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What's with the name?

Allow us to explain.

Geena Davis

and let it be known

Geena Davis Has Two Easy Steps for the Movie Industry

Yes, we can and will work to tell more women’s stories, listen to more women’s voices and write richer female characters and to fix the 5-to-1 ratio of men/women behind the camera. But consider this: In all of the sectors of society that still have a huge gender disparity, how long will it take to correct that? You can’t snap your fingers and suddenly half of Congress is women. But there’s one category where the underrepresentation of women can be fixed tomorrow: onscreen. In the time it takes to make a movie or create a television show, we can change what the future looks like.Geena Davis

The veteran actress and creator of the Geena Davis Institute on Gender in Media, which seeks to provide hard statistics on gender parity in film, television, and other mainstream artforms, has an essay up today on Pre-a-Reporter with a challenge for the film industry.

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The Human Machine

Geena Davis Is The Most Badass Baddass To Ever Badass [VIDEO]

You might recall we recently posted a photo of Geena Davis donning her old A League of Their Own costume while holding her professional archery gear. Well now we know the context. The actress and creator of the Geena Davis Institute on Gender in Media teamed up with Funny or Die for a spectacular shoot (shoot being used here in two different contexts). I am now bumping Ms. Davis to the top of my list for women who should star in the female Expendables. And also, anything else.

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Things We Saw Today

Things We Saw Today: Dan Harmon Is Returning To Community

Dan Harmon tweeted confirmation today of the negotiations apparently going on earlier in the week. He’s back with NBC’s Community.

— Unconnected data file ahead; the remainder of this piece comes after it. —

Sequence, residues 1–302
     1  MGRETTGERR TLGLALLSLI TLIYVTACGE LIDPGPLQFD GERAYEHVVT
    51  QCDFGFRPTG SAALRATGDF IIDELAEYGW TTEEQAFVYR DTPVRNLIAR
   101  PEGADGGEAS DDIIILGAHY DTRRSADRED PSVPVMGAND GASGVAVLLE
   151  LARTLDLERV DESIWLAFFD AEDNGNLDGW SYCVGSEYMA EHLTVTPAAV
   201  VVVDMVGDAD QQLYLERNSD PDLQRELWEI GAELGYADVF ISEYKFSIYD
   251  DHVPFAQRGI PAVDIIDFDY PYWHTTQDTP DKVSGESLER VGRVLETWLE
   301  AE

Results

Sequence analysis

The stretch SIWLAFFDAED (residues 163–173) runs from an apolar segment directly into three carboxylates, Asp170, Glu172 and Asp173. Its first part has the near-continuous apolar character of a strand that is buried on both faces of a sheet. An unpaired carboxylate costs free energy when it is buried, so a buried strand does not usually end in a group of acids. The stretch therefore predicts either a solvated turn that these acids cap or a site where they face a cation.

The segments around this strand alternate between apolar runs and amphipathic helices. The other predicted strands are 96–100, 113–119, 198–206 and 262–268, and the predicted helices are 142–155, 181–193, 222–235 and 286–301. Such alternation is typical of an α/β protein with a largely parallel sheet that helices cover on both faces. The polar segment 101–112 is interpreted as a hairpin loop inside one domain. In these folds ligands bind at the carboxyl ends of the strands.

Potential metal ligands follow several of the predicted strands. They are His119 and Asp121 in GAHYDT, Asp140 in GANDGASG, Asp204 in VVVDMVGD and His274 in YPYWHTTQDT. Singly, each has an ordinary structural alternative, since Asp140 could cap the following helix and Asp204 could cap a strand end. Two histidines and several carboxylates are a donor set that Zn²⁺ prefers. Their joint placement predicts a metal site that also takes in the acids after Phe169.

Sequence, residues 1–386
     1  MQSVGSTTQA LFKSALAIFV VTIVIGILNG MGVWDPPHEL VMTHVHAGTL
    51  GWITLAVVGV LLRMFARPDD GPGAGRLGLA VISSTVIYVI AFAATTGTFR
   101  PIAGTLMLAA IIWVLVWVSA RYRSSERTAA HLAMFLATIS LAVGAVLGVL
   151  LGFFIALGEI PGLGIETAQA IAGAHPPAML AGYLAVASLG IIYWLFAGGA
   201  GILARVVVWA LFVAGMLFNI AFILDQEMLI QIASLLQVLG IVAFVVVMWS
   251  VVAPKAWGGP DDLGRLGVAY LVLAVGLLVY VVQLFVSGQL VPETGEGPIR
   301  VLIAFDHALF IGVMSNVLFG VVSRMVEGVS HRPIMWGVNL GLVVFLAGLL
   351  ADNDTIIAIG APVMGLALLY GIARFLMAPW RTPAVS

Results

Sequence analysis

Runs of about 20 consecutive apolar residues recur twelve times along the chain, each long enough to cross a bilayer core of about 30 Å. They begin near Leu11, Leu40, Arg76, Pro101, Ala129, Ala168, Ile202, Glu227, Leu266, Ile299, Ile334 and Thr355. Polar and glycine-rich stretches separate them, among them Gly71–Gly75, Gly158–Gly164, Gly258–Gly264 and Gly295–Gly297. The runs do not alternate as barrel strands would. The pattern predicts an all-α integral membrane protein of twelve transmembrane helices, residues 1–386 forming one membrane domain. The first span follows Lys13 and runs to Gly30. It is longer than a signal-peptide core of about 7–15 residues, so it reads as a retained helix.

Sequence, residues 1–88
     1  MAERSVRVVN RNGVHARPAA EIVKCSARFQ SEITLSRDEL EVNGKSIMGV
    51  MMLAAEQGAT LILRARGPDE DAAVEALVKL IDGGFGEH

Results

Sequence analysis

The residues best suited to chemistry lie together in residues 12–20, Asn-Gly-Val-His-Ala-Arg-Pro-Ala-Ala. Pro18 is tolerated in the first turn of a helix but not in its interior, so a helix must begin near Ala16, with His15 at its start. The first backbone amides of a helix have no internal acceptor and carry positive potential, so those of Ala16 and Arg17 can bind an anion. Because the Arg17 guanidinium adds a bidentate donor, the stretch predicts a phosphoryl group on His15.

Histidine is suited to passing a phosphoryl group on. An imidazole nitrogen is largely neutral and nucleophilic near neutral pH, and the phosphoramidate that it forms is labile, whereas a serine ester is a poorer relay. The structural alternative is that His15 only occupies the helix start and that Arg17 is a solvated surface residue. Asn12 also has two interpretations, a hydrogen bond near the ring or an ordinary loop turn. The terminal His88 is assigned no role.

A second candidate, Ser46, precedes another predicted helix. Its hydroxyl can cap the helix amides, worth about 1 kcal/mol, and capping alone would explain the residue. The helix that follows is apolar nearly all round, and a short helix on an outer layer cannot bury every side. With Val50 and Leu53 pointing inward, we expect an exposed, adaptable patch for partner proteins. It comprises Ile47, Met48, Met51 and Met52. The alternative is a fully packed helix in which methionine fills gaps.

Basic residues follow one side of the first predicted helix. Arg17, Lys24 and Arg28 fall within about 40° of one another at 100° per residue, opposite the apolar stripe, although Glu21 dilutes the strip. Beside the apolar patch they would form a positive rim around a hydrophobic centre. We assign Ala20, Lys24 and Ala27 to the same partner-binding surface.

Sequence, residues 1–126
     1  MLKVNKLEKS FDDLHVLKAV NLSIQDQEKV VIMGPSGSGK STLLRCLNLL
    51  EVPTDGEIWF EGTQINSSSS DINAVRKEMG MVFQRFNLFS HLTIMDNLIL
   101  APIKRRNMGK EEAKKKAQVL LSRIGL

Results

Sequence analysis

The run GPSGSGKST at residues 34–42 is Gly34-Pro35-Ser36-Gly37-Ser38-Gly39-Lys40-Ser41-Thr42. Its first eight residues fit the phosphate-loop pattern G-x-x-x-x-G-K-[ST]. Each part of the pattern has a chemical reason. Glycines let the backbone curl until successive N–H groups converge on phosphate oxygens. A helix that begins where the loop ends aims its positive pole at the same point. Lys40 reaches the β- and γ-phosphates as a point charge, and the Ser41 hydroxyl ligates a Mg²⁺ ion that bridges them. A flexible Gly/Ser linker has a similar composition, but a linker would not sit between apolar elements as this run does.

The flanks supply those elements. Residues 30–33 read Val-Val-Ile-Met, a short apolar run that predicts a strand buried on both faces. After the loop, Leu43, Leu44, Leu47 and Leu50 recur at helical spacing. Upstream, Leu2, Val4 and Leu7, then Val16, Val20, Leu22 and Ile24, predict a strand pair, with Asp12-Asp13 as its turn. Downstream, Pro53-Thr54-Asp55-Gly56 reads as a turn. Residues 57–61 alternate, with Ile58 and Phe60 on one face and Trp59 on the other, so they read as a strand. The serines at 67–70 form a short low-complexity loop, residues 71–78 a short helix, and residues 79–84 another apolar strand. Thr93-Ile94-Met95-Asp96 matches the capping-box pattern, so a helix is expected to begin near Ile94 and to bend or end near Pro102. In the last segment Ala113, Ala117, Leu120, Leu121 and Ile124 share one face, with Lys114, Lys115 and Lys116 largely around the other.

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Today in Boobs

Women In Film Talk About Why There Are So Few Women In Film

CinemaCon in Las Vegas saw many Hollywood films previewed the past few days but it’s a women in film panel that was most revealing. 

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so long and thanks for all the fish

R.I.P. Lavonne “Pepper” Paire-Davis, Inspiration for Dottie in A League of Their Own

True Story: The last time I saw the tail end of A League of Their Own, I had to look away so that I didn’t cry (becausethere’snocryinginbaseball). True details: I was running. On a treadmill. At the gym. And the television was on mute. One of the last times I was actually unable to not cry even by great force of will at a movie screening, it was a combination of watching The Muppets and knowing that Jim Henson‘s wife and daughter were in attendance.

So, from this evidence, I postulate that if there was anything guaranteed to make me cry buckets of salt tears, it would have been watching A League of Their Own with Lavonne “Pepper” Paire-Davis, who died this weekend at the age of 88.